What and when to eat to reduce insulin

healthy eating, diet, gesture and people concept – close up of m

Here’s a startling truth. I can make you fat. Actually, I can make anybody fat. How? I simply prescribe insulin injections. Giving people extra insulin inevitably leads to weight gain. In type 1 diabetes, when insulin levels are extremely low, patients lose weight no matter how many calories they eat. Give insulin – gain weight. No insulin – lose weight (even to the point of death). The implication is clear. Insulin causes weight gain. Knowing this is crucial, because if insulin causes weight gain, then lowering insulin should help with losing weight. But this very different than just counting calories.

The standard (failed) weight loss advice is to restrict a few calories every day by reducing dietary fat and eating multiple times per day. This does not lower insulin much since dietary fat has little insulin effect and eating frequently constantly stimulates insulin secretion. This ‘caloric reduction as primary’ advice has an astounding failure rate. So, if you have tried calorie restriction to lose weight and failed, you are not alone.

So here’s the situation. ‘Medicine’ tells you that obesity is a caloric balance problem and that you should eat less and move more. ‘Medicine’ tells you to eat a low-fat diet, and to eat six or more times a day. This advice doesn’t work for most people. When it doesn’t work, ‘Medicine’ frequently assumes it’s your fault for not being able to stick with the advice. Our advice was good, ‘Medicine’ tells you. You just didn’t do it right.

Imagine, though we have a classroom of 100 pupils. One fails. It’s likely his fault. Maybe he played too many video games. But if 99 students fail, then it’s not a problem with the students. The problem is with the teacher. In obesity, the problem of rampant obesity means that it is obviously not the fault of the people. The fault lies with the official dietary advice.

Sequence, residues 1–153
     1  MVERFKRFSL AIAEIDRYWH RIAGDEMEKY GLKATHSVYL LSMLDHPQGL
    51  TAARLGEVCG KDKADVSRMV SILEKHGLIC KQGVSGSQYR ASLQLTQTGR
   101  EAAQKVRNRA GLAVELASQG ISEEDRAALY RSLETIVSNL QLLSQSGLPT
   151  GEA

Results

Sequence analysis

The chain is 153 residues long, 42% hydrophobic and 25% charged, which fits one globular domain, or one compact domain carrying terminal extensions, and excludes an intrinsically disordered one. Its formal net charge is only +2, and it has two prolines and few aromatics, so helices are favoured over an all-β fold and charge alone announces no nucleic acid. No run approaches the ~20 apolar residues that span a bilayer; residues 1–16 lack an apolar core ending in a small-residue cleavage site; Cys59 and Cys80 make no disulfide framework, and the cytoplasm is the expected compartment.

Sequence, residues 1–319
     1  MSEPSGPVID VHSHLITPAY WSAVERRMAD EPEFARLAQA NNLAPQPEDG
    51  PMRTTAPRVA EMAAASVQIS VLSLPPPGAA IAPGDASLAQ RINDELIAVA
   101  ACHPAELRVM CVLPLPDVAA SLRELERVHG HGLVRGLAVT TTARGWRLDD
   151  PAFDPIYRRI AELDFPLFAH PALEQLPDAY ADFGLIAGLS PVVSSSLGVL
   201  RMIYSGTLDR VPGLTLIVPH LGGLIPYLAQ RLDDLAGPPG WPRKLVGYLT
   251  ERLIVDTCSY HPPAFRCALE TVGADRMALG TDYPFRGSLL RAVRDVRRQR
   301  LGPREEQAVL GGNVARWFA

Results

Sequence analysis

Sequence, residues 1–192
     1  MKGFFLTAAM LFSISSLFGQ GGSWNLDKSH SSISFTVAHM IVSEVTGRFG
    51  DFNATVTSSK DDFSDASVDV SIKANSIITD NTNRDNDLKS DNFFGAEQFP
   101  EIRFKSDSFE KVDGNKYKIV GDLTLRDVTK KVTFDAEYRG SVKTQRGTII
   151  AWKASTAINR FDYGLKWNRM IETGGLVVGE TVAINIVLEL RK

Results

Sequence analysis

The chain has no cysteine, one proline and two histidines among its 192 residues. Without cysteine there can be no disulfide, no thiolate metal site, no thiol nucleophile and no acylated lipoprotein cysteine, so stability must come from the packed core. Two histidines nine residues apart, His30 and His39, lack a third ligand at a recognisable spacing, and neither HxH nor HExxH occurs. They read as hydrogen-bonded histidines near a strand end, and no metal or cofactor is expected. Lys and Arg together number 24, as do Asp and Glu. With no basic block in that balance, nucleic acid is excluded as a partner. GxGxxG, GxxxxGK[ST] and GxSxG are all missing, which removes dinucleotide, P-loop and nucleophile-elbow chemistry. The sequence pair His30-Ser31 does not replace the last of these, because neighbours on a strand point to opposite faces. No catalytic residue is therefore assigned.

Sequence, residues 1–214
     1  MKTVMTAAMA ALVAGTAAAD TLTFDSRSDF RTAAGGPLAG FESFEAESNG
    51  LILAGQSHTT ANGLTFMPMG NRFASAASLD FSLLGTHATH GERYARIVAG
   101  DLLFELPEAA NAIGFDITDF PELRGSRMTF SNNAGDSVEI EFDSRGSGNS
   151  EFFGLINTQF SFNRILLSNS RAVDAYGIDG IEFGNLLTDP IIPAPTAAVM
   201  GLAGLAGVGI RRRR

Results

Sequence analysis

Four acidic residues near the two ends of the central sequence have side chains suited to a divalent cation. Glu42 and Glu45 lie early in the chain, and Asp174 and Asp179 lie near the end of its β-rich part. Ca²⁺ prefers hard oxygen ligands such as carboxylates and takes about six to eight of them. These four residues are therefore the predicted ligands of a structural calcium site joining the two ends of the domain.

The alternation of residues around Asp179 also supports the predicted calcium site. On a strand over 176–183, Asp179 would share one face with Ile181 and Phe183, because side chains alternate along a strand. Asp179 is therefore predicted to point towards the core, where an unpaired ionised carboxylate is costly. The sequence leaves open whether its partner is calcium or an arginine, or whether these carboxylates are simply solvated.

Understanding that obesity is as much a hormonal disorder as it is a caloric imbalance (as discussed in our last post) means that we must also focus on the insulin effect rather than just the number of calories to successfully lose weight. Reducing insulin depends mostly upon 2 things:

  1. What you eat
  2. When you eat

We often think and talk about the first problem, but both are equally important in lowering insulin levels.

What to eat

The three different macronutrients stimulate insulin to different degrees. Carbohydrates, particularly refined carbohydrates raise insulin the most. Protein also raises insulin somewhat, but likely doesn’t contribute to chronic hyperinsulinemia. Dietary fat raises neither glucose nor insulin.

Most natural foods contain varying combinations of the three macronutrients and therefore raise insulin to varying degrees. For example, refined carbohydrate-rich foods like cookies have the greatest effect on raising insulin and glucose. Fat-rich foods like salmon have little effect on insulin. This differing ability to stimulate insulin means that foods also differ in their fattening effect. This is only common sense.

The overlap between calories and insulin effect is what causes the confusion between the hormonal (insulin) hypothesis of obesity and the caloric hypothesis of obesity. Many people say that ‘A calorie is a calorie’, which is, of course, true. But that’s not the question I asked. The question is ‘Do all calories equally lead to weight gain’? To which the answer is an emphatic no. Insulin-stimulating foods like glucose are more likely to lead to weight gain than non-insulin stimulating foods like kale, even if you have the same number of calories.

Certain factors increase insulin which encourages weight gain. The most important factors raising insulin are refined carbohydrates and insulin resistance. Fructose, from added sugar and fruits can directly cause fatty liver and insulin resistance. This leads the body to increase insulin secretion to compensate.